Blog: Incoming: The Patterns of Data Management

August 1, 2008
By H. Mosher

In this month's Incoming column, Lt. Gen. Harry D. Raduege Jr., USAF (Ret.) talks about how management of data is so important. He looks at it from the enterprise level, discussion trends in how organizations can streamline data management operations through consolidation of data centers:

"It's all about the data" is a popular expression today. More and more, we've come to realize that data is the central building block for protecting, processing, sharing and storing information. And, as government and industry data owners learn to believe in these realities, they quite often decide to establish their own data centers to maintain control. On the surface, this might easily seem like the right thing to do, but it isn't always the best course to achieve effective consolidation. Being aware of data center consolidation experience and realities can save organizations large sums of money and improve operations.

You can read his entire piece here. But while the trend is interesting to discuss (and we'd welcome your comments on that as well), it brings up another interesting point: Individuals are just as likely to need "data management" skills these days, what with the incredible amount of information that flows through their email in-boxes and feed readers. So, for discussion this month: How much is too much information, and how do you manage it all?

Please share your thoughts in the comments, or discuss it on your blog with a link back to us. We'd love to hear from you!

Share Your Thoughts:

Helen - excellent topic to complement a good column by Raduege. No such thing as "too much information." Even though I feel the pain of info overload daily, I can't help it, I continually seek new sources and I think intell analysts and policymakers should be the same. To manage all of it, in my inbox I use Xobni and lots of Outlook rules (easy to set). As a feedreader I was using Google Reader for quite a while, but Outlook 2007 made the RSS integration so much simpler, right into my inbox where I can set up rules and filters easily so I use that now, also helps because it's all auto-archived. I have about 220 Google Alerts set up for keyword-searches across the web but especially across news feeds (on topics, people, agencies, Selective use of sidebar widgets to present keyword-driven feeds also, so that I have visual cues on "new stuff." Oh, and I make my wife read a lot of stuff to tell me the good bits :-)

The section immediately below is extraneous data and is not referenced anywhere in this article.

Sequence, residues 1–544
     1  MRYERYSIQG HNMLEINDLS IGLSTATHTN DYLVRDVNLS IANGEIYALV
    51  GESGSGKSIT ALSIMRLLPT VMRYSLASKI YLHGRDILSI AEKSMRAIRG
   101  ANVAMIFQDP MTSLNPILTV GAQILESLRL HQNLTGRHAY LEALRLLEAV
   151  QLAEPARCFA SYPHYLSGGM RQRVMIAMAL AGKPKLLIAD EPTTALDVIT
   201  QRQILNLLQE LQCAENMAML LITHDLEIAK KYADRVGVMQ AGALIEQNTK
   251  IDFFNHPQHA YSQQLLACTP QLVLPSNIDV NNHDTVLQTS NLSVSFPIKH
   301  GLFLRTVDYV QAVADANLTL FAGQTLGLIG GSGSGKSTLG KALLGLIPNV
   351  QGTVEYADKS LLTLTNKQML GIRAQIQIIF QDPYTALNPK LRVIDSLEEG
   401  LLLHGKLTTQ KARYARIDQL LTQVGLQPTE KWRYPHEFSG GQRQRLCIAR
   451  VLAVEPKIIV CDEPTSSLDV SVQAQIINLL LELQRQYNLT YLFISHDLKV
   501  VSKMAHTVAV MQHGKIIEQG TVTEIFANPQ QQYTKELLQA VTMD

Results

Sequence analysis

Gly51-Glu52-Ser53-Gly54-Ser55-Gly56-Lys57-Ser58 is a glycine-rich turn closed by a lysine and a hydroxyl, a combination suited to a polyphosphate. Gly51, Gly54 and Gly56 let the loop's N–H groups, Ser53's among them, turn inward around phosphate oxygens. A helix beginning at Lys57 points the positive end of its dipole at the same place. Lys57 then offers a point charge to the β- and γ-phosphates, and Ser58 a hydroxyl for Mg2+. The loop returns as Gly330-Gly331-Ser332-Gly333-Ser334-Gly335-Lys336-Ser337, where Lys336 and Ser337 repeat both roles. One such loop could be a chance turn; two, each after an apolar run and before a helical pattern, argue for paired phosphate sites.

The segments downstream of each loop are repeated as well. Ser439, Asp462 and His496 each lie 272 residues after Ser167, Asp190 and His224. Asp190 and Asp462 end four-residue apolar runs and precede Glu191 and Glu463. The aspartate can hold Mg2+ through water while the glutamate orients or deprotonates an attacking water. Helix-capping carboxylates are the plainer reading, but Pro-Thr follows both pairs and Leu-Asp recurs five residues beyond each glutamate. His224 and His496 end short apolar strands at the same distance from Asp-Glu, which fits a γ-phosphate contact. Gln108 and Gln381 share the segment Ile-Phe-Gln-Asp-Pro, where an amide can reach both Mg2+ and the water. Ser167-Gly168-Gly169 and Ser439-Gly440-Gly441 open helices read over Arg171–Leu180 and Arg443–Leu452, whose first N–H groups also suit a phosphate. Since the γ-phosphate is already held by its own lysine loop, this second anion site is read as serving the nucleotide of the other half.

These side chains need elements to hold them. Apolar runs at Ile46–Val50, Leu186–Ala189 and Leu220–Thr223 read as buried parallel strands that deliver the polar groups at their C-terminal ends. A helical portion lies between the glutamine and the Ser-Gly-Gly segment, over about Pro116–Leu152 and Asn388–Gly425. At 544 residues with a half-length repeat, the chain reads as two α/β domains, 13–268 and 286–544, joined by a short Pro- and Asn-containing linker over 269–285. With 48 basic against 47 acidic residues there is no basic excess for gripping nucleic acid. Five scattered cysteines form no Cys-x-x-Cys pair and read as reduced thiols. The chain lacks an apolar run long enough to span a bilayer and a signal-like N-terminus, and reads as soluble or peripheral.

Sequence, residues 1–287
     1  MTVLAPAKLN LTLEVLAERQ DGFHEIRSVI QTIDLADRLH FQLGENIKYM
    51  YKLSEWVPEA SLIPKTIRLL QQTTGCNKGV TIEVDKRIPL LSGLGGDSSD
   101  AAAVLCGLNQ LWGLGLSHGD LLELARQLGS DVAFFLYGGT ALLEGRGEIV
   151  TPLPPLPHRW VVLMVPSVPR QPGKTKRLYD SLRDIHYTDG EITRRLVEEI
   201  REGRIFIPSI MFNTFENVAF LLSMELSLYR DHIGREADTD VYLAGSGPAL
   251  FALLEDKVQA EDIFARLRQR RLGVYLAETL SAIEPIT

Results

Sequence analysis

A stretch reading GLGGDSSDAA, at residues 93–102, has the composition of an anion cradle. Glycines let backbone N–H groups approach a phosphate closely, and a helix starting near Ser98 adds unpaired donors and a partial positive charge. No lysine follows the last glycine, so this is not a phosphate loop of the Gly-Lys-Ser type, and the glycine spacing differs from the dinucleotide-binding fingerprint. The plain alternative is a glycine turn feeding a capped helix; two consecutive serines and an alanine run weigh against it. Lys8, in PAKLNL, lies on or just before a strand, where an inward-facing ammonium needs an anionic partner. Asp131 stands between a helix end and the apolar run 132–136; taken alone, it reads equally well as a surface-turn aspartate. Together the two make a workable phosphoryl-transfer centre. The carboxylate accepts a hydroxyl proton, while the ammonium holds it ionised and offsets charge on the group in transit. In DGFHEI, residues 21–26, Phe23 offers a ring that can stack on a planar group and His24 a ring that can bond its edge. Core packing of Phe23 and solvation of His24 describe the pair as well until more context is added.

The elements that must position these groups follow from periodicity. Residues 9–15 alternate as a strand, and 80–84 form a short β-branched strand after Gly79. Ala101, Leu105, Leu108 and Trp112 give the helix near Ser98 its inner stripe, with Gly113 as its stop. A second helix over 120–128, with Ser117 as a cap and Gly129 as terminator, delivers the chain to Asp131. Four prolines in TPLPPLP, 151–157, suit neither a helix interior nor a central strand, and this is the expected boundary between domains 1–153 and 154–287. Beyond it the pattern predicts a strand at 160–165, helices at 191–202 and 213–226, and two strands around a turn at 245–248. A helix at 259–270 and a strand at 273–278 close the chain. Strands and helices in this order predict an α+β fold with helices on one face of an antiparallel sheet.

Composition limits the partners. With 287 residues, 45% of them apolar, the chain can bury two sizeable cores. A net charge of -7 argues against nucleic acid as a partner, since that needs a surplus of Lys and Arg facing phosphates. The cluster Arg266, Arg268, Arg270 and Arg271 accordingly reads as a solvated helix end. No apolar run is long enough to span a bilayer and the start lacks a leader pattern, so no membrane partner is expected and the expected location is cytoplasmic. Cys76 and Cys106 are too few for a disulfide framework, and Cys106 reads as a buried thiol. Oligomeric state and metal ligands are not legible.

Hi Helen - your post inspired me to think about new ways to deal with info overload in crisis using new tools, so check out my link here:
http://lewisshepherd.wordpress.com/2008/08/08/using-web-20-to-track-a-po...

I like this topic.
For me, the problem of personal information management is that the most important details of my life (businesses and personal) are communicated from within MS Outlook.

Microsoft Outlook is proof that you CAN hammer a nail with a shoe. I read the news, monitor the competition, manage the cleaning service, schedule/write employee reviews, find new customers, worry about the soccer car pool, manage projects, meetings, plan my day, update projects, send invoices, write holiday cards and take care of customers - all in the same tool.

I'm waiting for the day that Outlook becomes a personal information management tool because I don't have time to learn how to use something else.

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